# The Grey Labyrinth is a collection of puzzles, riddles, mind games, paradoxes and other intellectually challenging diversions. Related topics: puzzle games, logic puzzles, lateral thinking puzzles, philosophy, mind benders, brain teasers, word problems, conundrums, 3d puzzles, spatial reasoning, intelligence tests, mathematical diversions, paradoxes, physics problems, reasoning, math, science.

Message body

 Emoticons View more Emoticons
Options
HTML is OFF
BBCode is ON
Smilies are ON
 Disable BBCode in this post Disable Smilies in this post

 All times are GMT
 Jump to: Select a forum Puzzles and Games----------------Grey Labyrinth PuzzlesVisitor Submitted PuzzlesVisitor GamesMafia Games Miscellaneous----------------Off-TopicVisitor Submitted NewsScience, Art, and CulturePoll Tournaments Administration----------------Grey Labyrinth NewsFeature Requests / Site Problems
 Topic review
Author Message
austinap
Posted: Fri Nov 19, 2004 11:12 pm    Post subject: 1

Sorry that was me. And those sub's and sup's take far too much time!

Any way you can enable html in your posts?
Guest
Posted: Fri Nov 19, 2004 11:09 pm    Post subject: 0

Interesting stuff.

What does K a represent?

The dissociation constant of an acid (its an equilibrium constant).

Your professor just did a step only half way. She switched the log around but didn't change the sign.

Deriving the equation from scratch, it starts with
[H 3 O + ] = K a ([HA]/[A - ])

taking the -log of each side:

-log([H 3 O + ] ) = -log(K a ([HA]/[A - ]))

=> pH = -log(K a ([HA]/[A - ]))
= -log(K a ) -log([HA]/[A - ])
= pK a - log([HA]/[A - ])

and for where she got messed up:
= pK a + log([A - ]/[HA])
Posted: Fri Nov 19, 2004 10:42 pm    Post subject: -1

Interesting stuff.

What does K a represent?
impossibleroot
Posted: Fri Nov 19, 2004 10:30 pm    Post subject: -2

Quote:
Suppose we have a solution of 0.110 M of NaC 2 H 3 O 2 and 0.090 M of CH 3 COOH. In this buffer system, CH 3 COOH is the acid, and NaC 2 H 3 O 2 is it's conjugate base.

'Its' shouldn't have an apostrophe!

Courk
Posted: Fri Nov 19, 2004 10:11 pm    Post subject: -3

Oh bah. She just e-mailed the whole class to correct herself. It really is pH = pK a + log ([A - ]/[HA]). I put waaaay too much work into the sup's and sub's to delete this now.
Courk
Posted: Fri Nov 19, 2004 10:04 pm    Post subject: -4

I just learned this today in my Chem class and need a bit of help.

Equation as given by the teacher:

Suppose we have a solution of 0.110 M of NaC 2 H 3 O 2 and 0.090 M of CH 3 COOH. In this buffer system, CH 3 COOH is the acid, and NaC 2 H 3 O 2 is its conjugate base. For acid concentration, my teacher used the abbreviation [HA], and for conjugate base concentration, she used [A - ]. So, she wrote the Henderson-Hasselbalch equation as:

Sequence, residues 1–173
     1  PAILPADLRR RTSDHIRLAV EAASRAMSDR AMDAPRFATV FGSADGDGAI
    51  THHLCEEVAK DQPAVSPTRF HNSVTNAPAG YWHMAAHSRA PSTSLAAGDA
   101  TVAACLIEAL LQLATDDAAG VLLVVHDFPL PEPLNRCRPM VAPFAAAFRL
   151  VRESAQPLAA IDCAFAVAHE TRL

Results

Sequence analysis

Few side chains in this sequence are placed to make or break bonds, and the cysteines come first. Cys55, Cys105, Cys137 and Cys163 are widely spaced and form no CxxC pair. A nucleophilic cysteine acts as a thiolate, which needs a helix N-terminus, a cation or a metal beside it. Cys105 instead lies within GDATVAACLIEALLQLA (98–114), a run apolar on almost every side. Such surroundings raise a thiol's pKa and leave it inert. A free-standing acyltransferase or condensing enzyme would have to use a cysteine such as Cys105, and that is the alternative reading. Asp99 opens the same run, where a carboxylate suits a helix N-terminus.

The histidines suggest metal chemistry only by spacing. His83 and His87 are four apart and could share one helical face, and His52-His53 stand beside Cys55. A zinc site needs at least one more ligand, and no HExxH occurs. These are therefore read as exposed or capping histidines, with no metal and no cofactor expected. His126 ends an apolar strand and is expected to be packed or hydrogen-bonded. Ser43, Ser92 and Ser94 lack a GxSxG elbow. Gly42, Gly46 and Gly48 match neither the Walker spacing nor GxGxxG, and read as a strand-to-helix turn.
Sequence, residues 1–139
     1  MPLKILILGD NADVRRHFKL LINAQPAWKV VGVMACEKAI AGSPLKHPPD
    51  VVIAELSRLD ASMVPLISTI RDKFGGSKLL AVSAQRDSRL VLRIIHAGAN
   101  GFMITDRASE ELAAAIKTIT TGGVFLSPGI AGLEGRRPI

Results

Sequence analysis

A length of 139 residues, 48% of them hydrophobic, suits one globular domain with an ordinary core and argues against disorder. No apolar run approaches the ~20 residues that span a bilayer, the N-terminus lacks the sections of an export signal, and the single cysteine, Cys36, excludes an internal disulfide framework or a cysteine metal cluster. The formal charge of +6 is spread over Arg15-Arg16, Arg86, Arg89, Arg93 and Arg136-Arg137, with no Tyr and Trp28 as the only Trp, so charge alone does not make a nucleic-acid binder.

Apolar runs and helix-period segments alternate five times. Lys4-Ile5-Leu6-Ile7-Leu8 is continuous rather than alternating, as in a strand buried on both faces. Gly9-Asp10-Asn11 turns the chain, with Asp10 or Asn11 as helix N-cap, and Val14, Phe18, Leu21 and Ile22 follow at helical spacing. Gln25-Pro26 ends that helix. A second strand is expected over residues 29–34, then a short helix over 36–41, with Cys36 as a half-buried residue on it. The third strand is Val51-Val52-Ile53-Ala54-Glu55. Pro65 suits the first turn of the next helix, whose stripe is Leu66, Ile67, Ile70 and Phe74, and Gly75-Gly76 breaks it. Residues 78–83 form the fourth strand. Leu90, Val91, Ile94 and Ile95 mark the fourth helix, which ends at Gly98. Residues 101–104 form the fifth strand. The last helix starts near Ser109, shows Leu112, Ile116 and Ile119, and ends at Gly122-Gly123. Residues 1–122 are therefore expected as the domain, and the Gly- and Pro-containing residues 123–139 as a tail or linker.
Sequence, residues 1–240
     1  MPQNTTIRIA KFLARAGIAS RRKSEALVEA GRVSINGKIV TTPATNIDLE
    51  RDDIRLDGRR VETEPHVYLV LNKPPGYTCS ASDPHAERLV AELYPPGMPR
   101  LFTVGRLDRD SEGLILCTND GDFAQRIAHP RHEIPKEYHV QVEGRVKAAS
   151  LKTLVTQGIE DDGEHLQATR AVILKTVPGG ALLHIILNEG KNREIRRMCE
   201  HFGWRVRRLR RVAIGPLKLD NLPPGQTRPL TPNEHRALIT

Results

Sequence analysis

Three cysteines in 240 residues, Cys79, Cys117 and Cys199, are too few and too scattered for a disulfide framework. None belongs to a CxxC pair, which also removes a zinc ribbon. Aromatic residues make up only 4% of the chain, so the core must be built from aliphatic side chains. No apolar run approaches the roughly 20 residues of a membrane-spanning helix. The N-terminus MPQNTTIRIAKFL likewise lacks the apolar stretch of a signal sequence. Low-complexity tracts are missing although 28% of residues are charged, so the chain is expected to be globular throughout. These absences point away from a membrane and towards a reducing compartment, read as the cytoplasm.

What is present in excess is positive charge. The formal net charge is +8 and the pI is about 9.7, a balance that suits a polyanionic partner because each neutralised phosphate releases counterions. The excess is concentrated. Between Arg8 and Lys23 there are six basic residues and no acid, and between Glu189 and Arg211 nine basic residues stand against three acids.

pH = pK a - log ([A - ]/[HA]) Equation 1

We were told K a = 1.8*10 -5

That means the whole equation (with numbers plugged in) should be:

pH = -log(1.8*10 -5 ) - log(0.110/0.090), which, when entered exactly like that in my calculator, ~ equals 4.66. She said the answer is ~ 4.83.

My book has the equation pH = pK a + log ([anion]/[acid]), which, using her symbols, is equal to
pH = pK a + log ([A - ]/[HA]) Equation 2

Using this equation and the same numbers I get
pH = -log(1.8*10 -5 ) + log(0.110/0.090), which, when entered exactly like that in my calculator, gives me ~ 4.83 (her answer). It appears equation 2 is the right equation.

I'm not done yet, please bear with me.

She gave us another problem to work on, this time [HA] = 0.110 M and [A - ] = 0.090 M.

We were already told pK a = 7.00.

Using the original equation pH = pK a - log([A - ]/[HA])
I get pH = 7 - log(0.090/0.110) ~ 7.09 (which is her answer).

Using the second equation pH = pK a + log ([A - ]/[HA])
I get 7 + log(0.090/0.110) ~ 6.91 (not her answer).

So... one way equation 1 works, the other way equation 2 works. Is she wrong in the second example, and the answer really isn't 7.09, but is actually 6.91? I want to use equation 2 (the one from the book), but if I'm doing something wrong and her equation (equation 1) should work, I want to know what I'm doing wrong.

BTW, if you want me to, I can make the equations more readable by making an image out of them.